The possibility of Southern Sudan’s January referendum provoking new conflict and instability across the border is regarded nervously. The area hosted over 200,000 Sudanese refugees displaced in the 1980s by the civil war. Many left soon after the Ethiopian regime of Mengistu Hailemariam, a supporter of the Southern Sudanese rebellion, which took advantage of the camps for recruitment and training, was overthrown in 1991. Only some 26,000 Sudanese refugees remain in Ethiopia, according to the UN Refugee Agency.
Beyond the floods
While politics and conflict remain sources of risk, floods are of more pressing concern at present. Before the end of October, the Baro and three other rivers in the region will swell to their seasonal peak, fed by rainfall in the Ethiopian highlands and locally. Gambella floods year after year, but sometimes with positive results. Flood recession agriculture – planting in alluvial soils as the flood waters drain away – is a key production opportunity.
The floods, most recently in 2008, cause deaths, displacement and loss of assets. Riverbank living, driven by dependence upon river water for their livelihoods, leaves much of Gambella’s population highly vulnerable to flooding and hard to reach given poor roads, a sparsely distributed population and long distances.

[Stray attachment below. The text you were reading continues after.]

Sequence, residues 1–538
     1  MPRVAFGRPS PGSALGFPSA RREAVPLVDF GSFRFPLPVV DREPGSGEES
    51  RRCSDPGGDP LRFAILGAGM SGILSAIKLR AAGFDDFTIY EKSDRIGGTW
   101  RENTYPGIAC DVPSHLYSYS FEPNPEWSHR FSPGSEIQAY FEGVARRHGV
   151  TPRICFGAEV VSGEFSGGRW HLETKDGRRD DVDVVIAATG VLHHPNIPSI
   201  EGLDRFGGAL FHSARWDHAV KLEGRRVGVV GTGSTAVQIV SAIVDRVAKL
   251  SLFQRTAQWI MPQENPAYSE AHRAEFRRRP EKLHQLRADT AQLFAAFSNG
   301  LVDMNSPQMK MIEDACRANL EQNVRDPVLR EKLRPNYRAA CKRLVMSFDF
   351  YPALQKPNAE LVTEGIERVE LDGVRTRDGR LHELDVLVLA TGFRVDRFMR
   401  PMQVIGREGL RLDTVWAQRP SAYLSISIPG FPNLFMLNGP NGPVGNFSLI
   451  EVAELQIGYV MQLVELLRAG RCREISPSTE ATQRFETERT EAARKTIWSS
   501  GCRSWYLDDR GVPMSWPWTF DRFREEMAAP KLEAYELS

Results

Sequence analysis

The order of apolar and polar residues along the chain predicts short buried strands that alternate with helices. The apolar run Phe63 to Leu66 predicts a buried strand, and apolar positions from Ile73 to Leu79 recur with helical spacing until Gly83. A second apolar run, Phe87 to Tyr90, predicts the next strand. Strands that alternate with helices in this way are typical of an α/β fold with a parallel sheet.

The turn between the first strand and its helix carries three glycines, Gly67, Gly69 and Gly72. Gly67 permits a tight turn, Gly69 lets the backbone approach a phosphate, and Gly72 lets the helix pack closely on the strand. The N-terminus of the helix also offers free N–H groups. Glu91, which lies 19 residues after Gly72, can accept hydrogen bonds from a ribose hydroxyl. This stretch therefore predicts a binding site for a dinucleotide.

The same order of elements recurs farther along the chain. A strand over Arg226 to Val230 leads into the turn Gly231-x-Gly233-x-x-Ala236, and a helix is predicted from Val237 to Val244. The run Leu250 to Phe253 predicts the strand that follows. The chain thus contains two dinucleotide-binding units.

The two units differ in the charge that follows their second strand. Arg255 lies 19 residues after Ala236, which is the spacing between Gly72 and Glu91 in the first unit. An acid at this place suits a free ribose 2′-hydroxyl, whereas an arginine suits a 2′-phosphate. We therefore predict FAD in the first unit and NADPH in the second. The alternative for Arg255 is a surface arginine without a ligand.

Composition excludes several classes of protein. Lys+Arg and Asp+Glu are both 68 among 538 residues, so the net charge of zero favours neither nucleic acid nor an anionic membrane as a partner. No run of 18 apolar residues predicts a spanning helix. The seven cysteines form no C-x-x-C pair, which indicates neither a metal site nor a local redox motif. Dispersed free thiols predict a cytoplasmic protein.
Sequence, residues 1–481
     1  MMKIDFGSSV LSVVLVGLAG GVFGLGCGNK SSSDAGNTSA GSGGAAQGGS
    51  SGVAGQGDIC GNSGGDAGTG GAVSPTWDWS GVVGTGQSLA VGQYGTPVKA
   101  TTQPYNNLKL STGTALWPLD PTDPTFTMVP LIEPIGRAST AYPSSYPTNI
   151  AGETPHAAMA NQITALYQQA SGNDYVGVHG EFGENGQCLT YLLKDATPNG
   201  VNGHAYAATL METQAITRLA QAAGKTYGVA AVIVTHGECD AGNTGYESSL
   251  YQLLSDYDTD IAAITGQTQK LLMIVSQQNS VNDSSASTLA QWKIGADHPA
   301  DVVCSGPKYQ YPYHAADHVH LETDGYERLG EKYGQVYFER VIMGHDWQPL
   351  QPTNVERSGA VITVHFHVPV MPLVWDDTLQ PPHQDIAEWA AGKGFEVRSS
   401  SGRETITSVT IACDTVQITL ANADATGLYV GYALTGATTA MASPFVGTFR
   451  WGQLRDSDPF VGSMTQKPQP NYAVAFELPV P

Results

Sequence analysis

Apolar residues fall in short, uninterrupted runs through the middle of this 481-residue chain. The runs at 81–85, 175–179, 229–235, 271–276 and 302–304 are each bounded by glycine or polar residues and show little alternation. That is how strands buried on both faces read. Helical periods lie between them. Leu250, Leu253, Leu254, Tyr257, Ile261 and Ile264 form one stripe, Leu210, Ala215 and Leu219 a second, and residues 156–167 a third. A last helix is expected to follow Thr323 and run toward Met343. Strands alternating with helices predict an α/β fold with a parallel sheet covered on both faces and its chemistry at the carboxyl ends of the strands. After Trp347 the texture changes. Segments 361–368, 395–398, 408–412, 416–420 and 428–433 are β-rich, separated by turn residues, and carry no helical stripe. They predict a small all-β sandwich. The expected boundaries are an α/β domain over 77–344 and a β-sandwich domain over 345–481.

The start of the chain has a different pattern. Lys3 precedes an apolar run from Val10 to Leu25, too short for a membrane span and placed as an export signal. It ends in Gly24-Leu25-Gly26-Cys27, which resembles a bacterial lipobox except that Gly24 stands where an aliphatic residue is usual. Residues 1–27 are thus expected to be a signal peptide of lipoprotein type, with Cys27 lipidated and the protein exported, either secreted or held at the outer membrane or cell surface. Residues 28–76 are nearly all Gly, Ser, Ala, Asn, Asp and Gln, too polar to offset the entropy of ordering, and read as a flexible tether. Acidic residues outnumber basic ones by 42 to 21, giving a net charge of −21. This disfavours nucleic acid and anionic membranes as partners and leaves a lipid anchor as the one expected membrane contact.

In response to flood risk, as well as the consequences of limited agricultural opportunity and erratic rainfall, the regional government has begun to explore longer-term policy options. The concept of “villagization”, whereby families would be grouped closer together on higher ground, with new clinics and schools nearby, is a key initiative. However, one aid worker said implementation would be “very difficult” and questioned the level of community buy-in.
Beyond local government planning, the vast areas of land in the region have attracted interest from potential investors. Companies with links to India and Saudi Arabia have launched commercial agricultural schemes, while oil and gas exploration has not yet yielded publicly declared finds.
Gambella will be facing multiple hazards for years to come. That seems a 5/5 certainty. But in acknowledging its threats, observers say the region has taken an important step towards managing them.
[This report does not necessarily reflect the views of the United Nations]